Teacher Talk - Mr. Brinkhuis

For the second episode of Teacher Talk, we had the honour to talk to Mr. Brinkhuis, mathematician and professor at ESE. He received his PhD in mathematics at King’s College London in 1981 and later joined the Econometric Institute of Erasmus University.

When we arrive at his office, located on the 10th floor of the Tinbergen building, he kindly offers us some coffee and we sit down to ask him some questions.

What kind of music do you like?

I like rap a lot for a very special reason. In the past, my son went through a period in his life - he was about 16 - where he didn’t take anything seriously. You couldn’t talk to him about anything, except one thing: rap music. Of course, as a father, I wanted to have some serious conversations with my son, so I started listening to rap music. At first, it was a rather repetitive noise to me, but then, after talking to my son and listening to him, I saw the structure that was in it. Now, I am a big fan of rap and I can determine the quality very quickly.

Some years ago, I had a quite serious accident and I couldn’t give lectures for a while. After a while, the doctor said I had gotten better and I could try lecturing again. However, when you give lectures to three hundred students, you need to be able to keep them in check. That was never a problem, but after the accident, which resulted in some brain damage, I wasn’t sure whether I could do it.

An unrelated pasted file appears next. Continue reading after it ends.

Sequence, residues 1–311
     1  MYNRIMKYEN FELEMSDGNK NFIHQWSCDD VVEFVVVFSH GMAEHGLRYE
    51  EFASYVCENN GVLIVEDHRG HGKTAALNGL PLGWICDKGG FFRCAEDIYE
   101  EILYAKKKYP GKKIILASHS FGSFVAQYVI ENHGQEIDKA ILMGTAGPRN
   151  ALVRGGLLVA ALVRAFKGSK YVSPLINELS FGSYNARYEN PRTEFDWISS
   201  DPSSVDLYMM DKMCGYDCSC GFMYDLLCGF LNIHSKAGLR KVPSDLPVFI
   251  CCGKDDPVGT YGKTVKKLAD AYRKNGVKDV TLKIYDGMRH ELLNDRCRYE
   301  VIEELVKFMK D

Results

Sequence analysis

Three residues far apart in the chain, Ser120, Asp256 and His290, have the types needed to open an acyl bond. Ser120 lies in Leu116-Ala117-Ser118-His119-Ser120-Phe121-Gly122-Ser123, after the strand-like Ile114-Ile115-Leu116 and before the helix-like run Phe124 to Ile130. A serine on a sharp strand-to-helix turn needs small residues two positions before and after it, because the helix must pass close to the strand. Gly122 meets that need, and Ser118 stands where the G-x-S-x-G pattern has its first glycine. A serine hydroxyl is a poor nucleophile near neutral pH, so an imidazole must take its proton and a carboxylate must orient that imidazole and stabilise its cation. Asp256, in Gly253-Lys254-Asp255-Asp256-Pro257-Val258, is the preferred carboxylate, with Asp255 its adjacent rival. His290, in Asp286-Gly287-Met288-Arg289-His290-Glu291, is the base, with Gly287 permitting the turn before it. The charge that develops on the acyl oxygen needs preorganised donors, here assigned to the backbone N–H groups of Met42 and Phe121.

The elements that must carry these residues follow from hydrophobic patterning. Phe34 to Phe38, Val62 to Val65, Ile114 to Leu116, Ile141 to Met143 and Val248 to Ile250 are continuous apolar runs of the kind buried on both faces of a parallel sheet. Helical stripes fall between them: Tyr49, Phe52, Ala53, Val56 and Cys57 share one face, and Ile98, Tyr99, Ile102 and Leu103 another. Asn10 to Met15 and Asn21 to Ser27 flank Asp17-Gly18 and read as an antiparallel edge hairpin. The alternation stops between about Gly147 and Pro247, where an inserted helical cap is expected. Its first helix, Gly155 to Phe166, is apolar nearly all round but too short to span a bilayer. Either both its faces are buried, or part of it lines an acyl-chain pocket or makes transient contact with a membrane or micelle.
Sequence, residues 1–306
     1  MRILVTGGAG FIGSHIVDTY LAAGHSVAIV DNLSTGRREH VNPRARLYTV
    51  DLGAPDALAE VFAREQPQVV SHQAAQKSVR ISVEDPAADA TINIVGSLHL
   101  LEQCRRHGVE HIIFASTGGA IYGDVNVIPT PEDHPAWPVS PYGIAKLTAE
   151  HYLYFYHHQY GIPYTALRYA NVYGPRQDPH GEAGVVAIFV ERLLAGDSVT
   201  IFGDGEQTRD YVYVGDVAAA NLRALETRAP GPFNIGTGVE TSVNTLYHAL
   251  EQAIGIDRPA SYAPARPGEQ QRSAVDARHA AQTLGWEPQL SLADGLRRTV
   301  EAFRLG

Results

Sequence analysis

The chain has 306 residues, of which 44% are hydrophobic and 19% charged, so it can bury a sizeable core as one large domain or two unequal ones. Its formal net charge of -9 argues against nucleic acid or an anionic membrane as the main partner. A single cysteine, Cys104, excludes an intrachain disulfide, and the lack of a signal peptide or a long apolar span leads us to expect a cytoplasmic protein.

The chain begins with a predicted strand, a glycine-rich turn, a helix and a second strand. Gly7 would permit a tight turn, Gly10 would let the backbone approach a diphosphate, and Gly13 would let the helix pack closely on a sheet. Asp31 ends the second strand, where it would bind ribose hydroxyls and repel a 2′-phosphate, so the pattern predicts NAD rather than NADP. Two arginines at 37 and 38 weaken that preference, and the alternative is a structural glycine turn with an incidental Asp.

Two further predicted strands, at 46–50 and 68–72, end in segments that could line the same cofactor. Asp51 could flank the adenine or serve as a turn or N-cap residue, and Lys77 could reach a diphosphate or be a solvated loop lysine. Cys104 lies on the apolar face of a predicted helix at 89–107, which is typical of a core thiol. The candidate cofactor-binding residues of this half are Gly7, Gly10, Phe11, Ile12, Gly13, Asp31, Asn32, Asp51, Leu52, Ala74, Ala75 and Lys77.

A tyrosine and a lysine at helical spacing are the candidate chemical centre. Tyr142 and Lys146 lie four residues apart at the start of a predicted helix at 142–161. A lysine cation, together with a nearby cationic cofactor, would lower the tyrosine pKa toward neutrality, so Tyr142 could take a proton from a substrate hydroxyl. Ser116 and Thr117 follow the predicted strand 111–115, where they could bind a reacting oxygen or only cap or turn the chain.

But then, during a holiday in Poland, I was in a taxi and in a flash, I saw a poster on a wall that read “Kendrick”. Now, for me, there’s only one Kendrick and that is Kendrick Lamar. I couldn’t believe my luck when I found out Kendrick Lamar was giving a concert. To me, he is the greatest rapper in the world. I managed to get tickets and not long after, I was among thousands of Polish people at his concert. I had planned to stay silent, but everyone was jumping up and down and after a while, so was I. Afterwards, I was sure that I could give lectures again. Plus, I also really enjoyed the concert.

What are your main interests in research?

My main interest is optimization. A special focus here is convexity and convex problems. A couple of years ago I had an idea to reduce everything to cones. A colleague of mine, Tihomirov - a famous professor in Russia - told me that this would not work, because cones do not have a rich enough structure. The structure was too poor to build everything on cones. Nevertheless, I managed. He was very happy about this and I’m currently writing a book about it.